Happy Monday! Today I have a book that came highly recommended by my friend, Paula, at Book Jotter and my Goodreads friend, Tammy. Thank you to Doubleday for the ARC to review.

My Thoughts:

The Silence of the Girls is referred to as a masterpiece in its synopsis. Yes, it is absolutely a stunning masterpiece.

For over 10 years, the city of Troy has been under siege and in battle over Helen, a woman who can observe the war high atop a parapet within the city walls.

Another woman, Briseis, a former queen of a neighboring kingdom, has been captured by and lives in servitude of the man who murdered her husband and brothers, Achilles. 

Agamemnon is the leader of all the Greeks, and he demands Briseis to be his, but not without consequences. Achilles, the top fighter for the Greeks, refuses to return to battle. As a result, the Greeks quickly lose ground in their siege on Troy. 

Briseis’ voice is powerful. She speaks for herself but also for all of the thousands of hidden women involved in this war. 

Pat Barker re-weaves a classic where women are present (not invisible), where they find strength among each other (and are not weak), and where they are depicted as living, breathing humans with opinions and emotions. 

The writing is precise and glorious. While you may “know” some of these characters from popular Greek mythology, Briseis’ perspective and Barker’s rich storytelling combine in a way that each character is robust and complex in ways not depicted before.

Barker’s The Silence of the Girls is a study on war and its indelibly human impact as told by a resilient and brave (mythological) woman.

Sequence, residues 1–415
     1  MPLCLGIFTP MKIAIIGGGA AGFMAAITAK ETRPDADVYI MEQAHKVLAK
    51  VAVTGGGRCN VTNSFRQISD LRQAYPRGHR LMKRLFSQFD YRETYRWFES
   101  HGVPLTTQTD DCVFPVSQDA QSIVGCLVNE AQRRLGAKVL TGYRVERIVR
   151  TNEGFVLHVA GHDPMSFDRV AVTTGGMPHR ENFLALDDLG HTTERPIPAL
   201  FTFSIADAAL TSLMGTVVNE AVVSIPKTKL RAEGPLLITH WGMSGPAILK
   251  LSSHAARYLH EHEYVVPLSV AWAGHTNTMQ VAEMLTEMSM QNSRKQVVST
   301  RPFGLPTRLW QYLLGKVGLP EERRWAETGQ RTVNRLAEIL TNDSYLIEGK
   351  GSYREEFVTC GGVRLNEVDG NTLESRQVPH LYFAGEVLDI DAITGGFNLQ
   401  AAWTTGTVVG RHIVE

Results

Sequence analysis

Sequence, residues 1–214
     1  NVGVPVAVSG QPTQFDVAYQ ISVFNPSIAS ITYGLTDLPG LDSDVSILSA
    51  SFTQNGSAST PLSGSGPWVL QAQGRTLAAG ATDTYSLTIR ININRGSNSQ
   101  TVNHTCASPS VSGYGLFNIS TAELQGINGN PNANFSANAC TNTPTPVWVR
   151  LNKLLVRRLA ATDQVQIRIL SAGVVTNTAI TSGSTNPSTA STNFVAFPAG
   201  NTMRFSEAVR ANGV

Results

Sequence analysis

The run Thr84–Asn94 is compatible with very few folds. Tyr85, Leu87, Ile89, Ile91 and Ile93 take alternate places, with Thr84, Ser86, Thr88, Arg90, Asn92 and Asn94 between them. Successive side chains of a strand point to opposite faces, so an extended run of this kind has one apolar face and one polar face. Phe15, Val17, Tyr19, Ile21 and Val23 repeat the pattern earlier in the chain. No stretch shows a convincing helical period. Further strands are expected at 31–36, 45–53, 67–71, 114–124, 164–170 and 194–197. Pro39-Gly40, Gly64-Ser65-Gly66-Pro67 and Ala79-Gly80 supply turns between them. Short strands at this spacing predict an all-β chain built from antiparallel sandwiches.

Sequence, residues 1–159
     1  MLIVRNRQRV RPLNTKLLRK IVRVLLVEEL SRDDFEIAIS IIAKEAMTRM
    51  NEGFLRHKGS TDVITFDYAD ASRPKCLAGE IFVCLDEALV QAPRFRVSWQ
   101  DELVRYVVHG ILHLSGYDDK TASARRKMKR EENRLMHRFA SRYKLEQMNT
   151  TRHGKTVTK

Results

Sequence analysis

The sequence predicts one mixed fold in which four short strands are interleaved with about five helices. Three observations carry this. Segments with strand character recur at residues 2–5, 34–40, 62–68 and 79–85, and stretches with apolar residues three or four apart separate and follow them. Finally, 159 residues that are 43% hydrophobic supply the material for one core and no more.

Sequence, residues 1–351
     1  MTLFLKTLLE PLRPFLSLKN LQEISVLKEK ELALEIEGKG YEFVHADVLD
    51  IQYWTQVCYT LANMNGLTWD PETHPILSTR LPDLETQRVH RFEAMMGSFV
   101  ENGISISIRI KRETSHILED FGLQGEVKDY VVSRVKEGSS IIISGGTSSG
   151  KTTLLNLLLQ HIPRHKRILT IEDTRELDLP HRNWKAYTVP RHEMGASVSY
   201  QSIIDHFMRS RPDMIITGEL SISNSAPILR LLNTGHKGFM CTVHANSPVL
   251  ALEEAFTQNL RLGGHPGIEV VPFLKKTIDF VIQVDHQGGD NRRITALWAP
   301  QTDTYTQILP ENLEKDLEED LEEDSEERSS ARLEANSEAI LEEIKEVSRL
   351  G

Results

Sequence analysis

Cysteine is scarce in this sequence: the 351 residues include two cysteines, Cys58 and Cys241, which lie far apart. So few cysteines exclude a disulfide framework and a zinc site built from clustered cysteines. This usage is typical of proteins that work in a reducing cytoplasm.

Thank you to Doubleday for the complimentary ARC. All opinions are my own. 


From the Booker Prize-winning author of the Regeneration trilogy comes a monumental new masterpiece, set in the midst of literature’s most famous war. Pat Barker turns her attention to the timeless legend of The Iliad , as experienced by the captured women living in the Greek camp in the final weeks of the Trojan War.

The ancient city of Troy has withstood a decade under siege of the powerful Greek army, who continue to wage bloody war over a stolen woman–Helen. In the Greek camp, another woman watches and waits for the war’s outcome: Briseis. She was queen of one of Troy’s neighboring kingdoms, until Achilles, Greece’s greatest warrior, sacked her city and murdered her husband and brothers. Briseis becomes Achilles’s concubine, a prize of battle, and must adjust quickly in order to survive a radically different life, as one of the many conquered women who serve the Greek army.

When Agamemnon, the brutal political leader of the Greek forces, demands Briseis for himself, she finds herself caught between the two most powerful of the Greeks. Achilles refuses to fight in protest, and the Greeks begin to lose ground to their Trojan opponents. Keenly observant and cooly unflinching about the daily horrors of war, Briseis finds herself in an unprecedented position to observe the two men driving the Greek forces in what will become their final confrontation, deciding the fate, not only of Briseis’s people, but also of the ancient world at large.

Briseis is just one among thousands of women living behind the scenes in this war–the slaves and prostitutes, the nurses, the women who lay out the dead–all of them erased by history. With breathtaking historical detail and luminous prose, Pat Barker brings the teeming world of the Greek camp to vivid life. She offers nuanced, complex portraits of characters and stories familiar from mythology, which, seen from Briseis’s perspective, are rife with newfound revelations. Barker’s latest builds on her decades-long study of war and its impact on individual lives–and it is nothing short of magnificent.

Have you read The Silence of the Girls, or is it on your TBR? Have you read any other books by Pat Barker?  Happy Reading! ~ Jennifer THR